How cloud impacts APIs and microservices

What strategies are companies employing for migrating legacy apps to the cloud?

dramatic clouds
Galen Gruman/IDG

Companies considering moving workloads to cloud environments five years ago questioned whether the economics of cloud were compelling enough. The bigger question at that time was whether the economics would force a tsunami of migration from legacy environments to the cloud world. Would it set up a huge industry, much like Y2K, of moving workloads from one environment to another very quickly? Or would it evolve more like the client-server movement that happened over 5 to 10 years? It’s important to understand the cloud migration strategy that is occurring today.

We now know the cloud migration did not happen like Y2K. Enterprises considered the risk and investment to move workloads as too great, given the cost-savings returns. Of course, there are always laggards or companies that choose not to adopt new technology, but enterprises now broadly accept both public and private cloud.

The strategy most companies adopt is to put new functionality into cloud environments, often public cloud. They do this by purchasing SaaS applications rather than traditional software, and they do their new development in a Platform-as-a-Service (PaaS) cloud environment. These make sense. They then build APIs or microservices layers that connect the legacy applications to the cloud applications.

When workloads migrate from legacy into cloud, it’s usually because of replacement tools rather than actually moving the workloads. Most companies implemented 60 to 80 percent of their current applications in the last seven years. They continually reimplement applications as new software versions come out with new functionalities. When a company upgrades its ERP system, for example, it upgrades into a cloud version rather than a legacy version.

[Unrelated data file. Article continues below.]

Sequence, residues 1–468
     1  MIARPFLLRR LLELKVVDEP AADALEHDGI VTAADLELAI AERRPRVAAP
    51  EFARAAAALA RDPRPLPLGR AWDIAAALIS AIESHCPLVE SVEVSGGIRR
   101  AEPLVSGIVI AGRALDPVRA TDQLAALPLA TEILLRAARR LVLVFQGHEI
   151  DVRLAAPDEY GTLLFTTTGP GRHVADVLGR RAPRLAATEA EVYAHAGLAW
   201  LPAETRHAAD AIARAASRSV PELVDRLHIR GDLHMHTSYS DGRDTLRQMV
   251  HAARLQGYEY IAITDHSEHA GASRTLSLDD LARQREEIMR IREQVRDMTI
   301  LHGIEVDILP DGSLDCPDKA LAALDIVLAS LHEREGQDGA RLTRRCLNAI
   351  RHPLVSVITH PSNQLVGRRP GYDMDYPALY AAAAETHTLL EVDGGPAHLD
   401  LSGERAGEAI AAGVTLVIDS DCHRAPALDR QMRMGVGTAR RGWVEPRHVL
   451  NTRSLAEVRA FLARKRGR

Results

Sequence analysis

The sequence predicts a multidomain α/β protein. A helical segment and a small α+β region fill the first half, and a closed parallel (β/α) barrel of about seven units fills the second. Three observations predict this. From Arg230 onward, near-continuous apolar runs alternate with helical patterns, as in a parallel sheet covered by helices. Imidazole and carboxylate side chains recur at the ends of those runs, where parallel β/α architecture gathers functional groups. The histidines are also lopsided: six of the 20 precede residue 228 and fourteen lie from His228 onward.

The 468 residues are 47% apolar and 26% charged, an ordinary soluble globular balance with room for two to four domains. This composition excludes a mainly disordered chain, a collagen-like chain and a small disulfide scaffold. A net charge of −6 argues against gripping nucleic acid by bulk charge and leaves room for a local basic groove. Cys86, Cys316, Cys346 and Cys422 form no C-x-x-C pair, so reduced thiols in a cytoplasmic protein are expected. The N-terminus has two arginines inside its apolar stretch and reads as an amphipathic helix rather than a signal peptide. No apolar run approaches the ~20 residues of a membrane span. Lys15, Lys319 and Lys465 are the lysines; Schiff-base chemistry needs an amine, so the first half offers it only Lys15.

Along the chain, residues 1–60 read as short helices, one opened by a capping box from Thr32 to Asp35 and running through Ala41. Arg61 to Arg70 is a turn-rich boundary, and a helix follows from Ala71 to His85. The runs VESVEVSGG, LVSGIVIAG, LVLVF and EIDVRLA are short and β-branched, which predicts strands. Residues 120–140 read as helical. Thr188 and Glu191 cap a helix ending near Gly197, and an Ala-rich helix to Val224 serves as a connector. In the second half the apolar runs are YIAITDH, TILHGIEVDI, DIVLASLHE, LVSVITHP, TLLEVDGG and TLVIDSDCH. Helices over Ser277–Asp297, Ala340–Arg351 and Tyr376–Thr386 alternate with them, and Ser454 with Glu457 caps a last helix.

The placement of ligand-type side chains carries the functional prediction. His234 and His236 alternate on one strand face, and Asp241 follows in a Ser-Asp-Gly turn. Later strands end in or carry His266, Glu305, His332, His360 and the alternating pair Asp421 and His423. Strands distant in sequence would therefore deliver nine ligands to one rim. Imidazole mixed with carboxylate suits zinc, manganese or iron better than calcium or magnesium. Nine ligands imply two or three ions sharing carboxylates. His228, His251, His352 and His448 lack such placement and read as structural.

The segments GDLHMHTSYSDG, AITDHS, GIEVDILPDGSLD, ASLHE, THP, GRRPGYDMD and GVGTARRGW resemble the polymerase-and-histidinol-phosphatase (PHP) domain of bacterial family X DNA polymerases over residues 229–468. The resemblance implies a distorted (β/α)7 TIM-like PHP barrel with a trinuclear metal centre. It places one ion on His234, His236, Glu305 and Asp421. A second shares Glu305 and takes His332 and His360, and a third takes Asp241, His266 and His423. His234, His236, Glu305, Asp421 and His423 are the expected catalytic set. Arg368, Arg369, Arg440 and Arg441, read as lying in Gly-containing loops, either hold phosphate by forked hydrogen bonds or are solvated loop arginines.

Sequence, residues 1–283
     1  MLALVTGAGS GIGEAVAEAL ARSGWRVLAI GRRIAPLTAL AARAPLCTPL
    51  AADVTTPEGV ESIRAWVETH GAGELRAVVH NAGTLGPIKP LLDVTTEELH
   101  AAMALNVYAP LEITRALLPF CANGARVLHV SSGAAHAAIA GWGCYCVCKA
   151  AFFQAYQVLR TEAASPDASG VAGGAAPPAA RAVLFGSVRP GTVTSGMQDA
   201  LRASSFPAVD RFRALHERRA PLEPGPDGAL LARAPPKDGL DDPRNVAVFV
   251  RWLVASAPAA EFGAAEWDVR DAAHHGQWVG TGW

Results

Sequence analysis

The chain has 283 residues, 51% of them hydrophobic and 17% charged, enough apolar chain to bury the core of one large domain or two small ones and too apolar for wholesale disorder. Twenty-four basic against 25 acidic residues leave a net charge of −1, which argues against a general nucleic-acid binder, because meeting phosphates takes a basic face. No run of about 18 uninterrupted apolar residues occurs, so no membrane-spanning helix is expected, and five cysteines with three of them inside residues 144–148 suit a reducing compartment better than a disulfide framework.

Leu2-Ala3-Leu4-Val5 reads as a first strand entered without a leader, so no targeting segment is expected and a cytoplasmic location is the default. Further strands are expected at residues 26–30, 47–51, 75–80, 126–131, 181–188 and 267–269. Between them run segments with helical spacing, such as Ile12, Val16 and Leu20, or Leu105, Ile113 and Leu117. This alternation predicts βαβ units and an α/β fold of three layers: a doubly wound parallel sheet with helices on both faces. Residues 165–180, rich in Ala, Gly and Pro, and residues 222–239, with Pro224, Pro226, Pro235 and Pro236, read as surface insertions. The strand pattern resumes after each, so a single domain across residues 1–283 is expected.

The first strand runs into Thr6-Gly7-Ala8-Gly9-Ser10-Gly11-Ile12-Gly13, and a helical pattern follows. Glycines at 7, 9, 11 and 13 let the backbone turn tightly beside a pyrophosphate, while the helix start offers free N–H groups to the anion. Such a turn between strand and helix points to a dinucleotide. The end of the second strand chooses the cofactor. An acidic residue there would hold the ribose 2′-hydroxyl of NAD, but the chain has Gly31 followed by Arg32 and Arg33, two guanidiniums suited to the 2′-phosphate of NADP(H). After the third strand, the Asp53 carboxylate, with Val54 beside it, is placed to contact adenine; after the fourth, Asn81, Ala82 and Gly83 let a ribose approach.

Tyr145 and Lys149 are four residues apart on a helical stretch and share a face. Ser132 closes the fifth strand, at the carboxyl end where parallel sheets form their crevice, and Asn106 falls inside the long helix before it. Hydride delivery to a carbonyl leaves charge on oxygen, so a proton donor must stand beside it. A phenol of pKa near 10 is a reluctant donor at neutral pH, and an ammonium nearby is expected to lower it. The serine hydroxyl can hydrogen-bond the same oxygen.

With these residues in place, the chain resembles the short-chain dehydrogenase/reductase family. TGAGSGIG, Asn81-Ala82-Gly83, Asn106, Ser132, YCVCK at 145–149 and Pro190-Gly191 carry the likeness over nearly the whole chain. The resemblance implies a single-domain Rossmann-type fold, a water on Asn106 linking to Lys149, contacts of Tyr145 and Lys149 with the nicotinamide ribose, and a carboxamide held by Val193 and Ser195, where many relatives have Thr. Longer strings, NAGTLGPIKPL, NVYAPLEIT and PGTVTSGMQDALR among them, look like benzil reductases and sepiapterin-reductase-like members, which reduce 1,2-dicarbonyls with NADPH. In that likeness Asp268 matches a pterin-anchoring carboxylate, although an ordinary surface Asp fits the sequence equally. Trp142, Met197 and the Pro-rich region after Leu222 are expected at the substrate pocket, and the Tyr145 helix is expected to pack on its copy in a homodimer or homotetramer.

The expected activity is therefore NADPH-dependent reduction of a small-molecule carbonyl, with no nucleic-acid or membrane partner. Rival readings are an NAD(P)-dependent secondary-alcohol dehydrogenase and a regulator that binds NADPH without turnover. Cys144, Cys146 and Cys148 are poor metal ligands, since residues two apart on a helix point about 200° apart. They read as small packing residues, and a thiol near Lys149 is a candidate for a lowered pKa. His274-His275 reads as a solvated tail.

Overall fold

Even if a company spends 20 percent of its IT budget on new applications, over time that results in a steady refresh of applications. Most organizations have exceptions – a small portion of applications that are 30 to 40 years old. They are highly stable, don’t require a lot of new functionality, and don’t migrate to the cloud.  

Many third-party service providers advise clients that they need to reengineer their legacy environment and deploy it to a cloud environment to get the desired end-to-end performance of the applications. Although some of this is happening, typically it’s very selective. Enterprises’ preference is to develop APIs and a microservices layer, which allows deferring the need to redeploy and enables moving legacy applications only when their underlying functionality changes enough or new versions become available in a SaaS or cloud version.

Another factor in the cloud migration strategy today is the fact that capital is limited and business units are increasingly driving that spend. They want new functionality and see little or no gain in putting money, time and risk against duplicating existing functionality that works into a new environment.

So instead of a substantial investment into a quick Y2K movement, companies are making substantial investments in APIs and microservices, which allow hybrid environments (legacy and cloud combined) to work well together. It doesn’t mean that companies won’t have to redevelop some of their applications in the cloud. But it allows time to be selective as to which ones to redevelop. And the timing can be tied to when there is a compelling reason of cost savings or when having applications in a homogenous environment doesn’t seem to be strong enough for the desired performance.

This strategy of investing in APIs and microservices layers to connect legacy apps to cloud environments is much less risky, and cheaper, than moving legacy workloads.

This article is published as part of the IDG Contributor Network. Want to Join?

NEW! Download the Winter 2018 digital edition of CIO magazine